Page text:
CITES explained

What is CITES?

The Convention on International Trade in Endangered Species of wild Fauna and Flora, or CITES for short, is an international agreement between governments to make a concerted effort to protect endangered species of Animal and Plant from excessive trading that threatens their existence. The Convention encompasses a vast diversity of trade from live animals to wooden ornaments which includes, you guessed it, wooden musical instruments.

 Many of the clarinets here at Clarinet & Flute are made from Dalbergia Melanoxylon, also known as Grenadilla or African Blackwood. Since 2016, Dalbergia Melanoxylon is listed as an Appendix II material. Appendix II materials don't necessarily face extinction but their trade still needs controlling to avoid misuse that could put them in danger. Musical Instruments make up only a very small portion of the Dalbergia use worldwide but it does mean that it must be monitored for the sustainability of the species.

How does this affect me?

UK/EU

 On the whole, very little. If you purchase an instrument from Clarinet & Flute you will be provided with a Sales Invoice and any necessary documents detailing the origin of the wood that the instrument is made from. It is advisable to keep hold of these just in case you ever travel with or sell the instrument. If you require any of these documents then please get in touch and we will be able to get the documents to you.

 If you plan on shipping or carrying your instruments abroad then anything under 10kg is exempt from any regulations as long as it is for Non-Commercial use. Non-Commercial use includes both paid and non-paid performances or any other intention that doesn't result in the sale of the instrument. If you are travelling we do highly recommend you carry with you your Sales Invoice as a lawful proof of acquisition should a border force wish to see any documentation.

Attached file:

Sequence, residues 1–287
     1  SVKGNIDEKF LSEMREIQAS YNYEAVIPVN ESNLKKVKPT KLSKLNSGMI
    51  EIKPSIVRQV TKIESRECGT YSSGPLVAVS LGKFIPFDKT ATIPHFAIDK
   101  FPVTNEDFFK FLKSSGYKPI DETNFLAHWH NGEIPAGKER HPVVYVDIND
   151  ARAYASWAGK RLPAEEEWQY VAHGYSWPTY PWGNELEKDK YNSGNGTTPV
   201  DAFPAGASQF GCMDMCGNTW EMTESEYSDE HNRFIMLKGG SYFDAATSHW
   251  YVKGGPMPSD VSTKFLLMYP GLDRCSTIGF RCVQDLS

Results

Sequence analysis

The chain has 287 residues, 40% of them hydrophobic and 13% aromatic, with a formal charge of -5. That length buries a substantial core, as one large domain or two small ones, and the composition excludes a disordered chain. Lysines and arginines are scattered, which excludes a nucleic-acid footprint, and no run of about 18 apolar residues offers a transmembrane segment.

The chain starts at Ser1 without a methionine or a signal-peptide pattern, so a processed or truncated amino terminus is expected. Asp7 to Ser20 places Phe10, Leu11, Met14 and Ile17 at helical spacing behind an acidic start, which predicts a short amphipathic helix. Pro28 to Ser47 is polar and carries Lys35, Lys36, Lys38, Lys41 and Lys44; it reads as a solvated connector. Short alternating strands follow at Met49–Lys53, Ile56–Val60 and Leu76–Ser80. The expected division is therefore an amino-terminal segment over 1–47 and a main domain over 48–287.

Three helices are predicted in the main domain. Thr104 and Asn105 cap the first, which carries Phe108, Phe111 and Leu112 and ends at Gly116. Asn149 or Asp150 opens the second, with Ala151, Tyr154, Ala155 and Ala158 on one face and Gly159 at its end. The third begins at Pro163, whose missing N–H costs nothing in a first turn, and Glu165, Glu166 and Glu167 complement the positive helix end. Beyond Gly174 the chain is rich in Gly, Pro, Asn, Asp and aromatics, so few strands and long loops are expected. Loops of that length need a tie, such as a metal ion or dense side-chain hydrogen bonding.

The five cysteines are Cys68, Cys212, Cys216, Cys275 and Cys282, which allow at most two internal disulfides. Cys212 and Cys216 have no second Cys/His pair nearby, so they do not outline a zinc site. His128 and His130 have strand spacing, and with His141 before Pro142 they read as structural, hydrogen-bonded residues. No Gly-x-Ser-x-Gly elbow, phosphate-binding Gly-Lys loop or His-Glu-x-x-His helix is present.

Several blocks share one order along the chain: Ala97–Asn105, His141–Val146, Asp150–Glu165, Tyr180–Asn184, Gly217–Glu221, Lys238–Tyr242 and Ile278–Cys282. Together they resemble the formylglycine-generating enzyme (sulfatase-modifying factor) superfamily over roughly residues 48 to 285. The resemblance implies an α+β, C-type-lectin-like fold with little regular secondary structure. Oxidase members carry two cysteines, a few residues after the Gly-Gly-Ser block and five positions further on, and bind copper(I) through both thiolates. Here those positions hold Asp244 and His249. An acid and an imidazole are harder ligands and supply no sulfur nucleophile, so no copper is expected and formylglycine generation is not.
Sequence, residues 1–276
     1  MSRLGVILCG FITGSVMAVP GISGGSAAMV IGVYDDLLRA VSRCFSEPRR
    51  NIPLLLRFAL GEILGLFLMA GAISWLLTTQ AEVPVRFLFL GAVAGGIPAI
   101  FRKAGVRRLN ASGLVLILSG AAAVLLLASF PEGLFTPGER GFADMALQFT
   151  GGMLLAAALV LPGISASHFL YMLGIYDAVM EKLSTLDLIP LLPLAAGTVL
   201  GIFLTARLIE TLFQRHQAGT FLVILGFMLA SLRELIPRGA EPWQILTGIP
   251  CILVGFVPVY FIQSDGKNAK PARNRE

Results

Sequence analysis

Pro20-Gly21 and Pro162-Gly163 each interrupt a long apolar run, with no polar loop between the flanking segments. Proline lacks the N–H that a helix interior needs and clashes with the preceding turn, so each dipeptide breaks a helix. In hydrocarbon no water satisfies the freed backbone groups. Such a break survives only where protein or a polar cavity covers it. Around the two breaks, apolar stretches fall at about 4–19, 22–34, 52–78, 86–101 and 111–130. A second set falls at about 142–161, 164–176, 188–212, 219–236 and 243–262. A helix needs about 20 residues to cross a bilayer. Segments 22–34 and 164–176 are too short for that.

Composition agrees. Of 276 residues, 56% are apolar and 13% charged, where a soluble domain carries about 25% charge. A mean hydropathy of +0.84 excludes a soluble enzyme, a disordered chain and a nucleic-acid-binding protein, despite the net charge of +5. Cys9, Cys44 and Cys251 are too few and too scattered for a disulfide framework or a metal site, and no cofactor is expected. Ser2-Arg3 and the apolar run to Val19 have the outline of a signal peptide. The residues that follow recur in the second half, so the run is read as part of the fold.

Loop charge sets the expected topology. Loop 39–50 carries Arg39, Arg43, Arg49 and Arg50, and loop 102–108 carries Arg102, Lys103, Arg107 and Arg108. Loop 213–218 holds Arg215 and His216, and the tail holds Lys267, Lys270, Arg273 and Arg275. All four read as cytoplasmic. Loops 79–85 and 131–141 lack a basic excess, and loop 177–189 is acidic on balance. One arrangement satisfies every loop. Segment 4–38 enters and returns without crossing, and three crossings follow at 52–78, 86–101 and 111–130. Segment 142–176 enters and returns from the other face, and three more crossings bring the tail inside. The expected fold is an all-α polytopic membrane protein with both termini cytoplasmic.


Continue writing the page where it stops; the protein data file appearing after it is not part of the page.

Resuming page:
Rest of the World

To ship instruments made of Dalbergia outside of the EU we will have to acquire a re-export permit. To process this there will be an extra charge of £59 and can cause a delay in shipping of up to three weeks. Depending on the destination, you may also require an import permit which could also add to the cost and time in shipping. To find out more about your local CITES authority please click here.

 If you plan on shipping or carrying your instruments abroad then anything under 10kg is exempt from any regulations as long as it is for Non-Commercial use. Non-Commercial use includes both paid and non-paid performances or any other intention that doesn't result in the sale of the instrument. If you are travelling we do highly recommend you carry with you your Sales Invoice as a lawful proof of acquisition should a border force wish to see any documentation. 

If you plan on getting your instrument repaired with us you are exempt from any regulations as this is also seen as a Non-Commercial transaction. As the instrument doesn't change ownership at any point there is no need for import or export documentation.

 

 These rules have only been in affect since 2016 and the Music Industry is constantly adapting to the regulations. We are keeping ourselves as well informed as possible and if anything changes we will keep this page well updated. If you have any more questions or require documentation mentioned above then do please get in contact with us at info@clarinetandflute.com.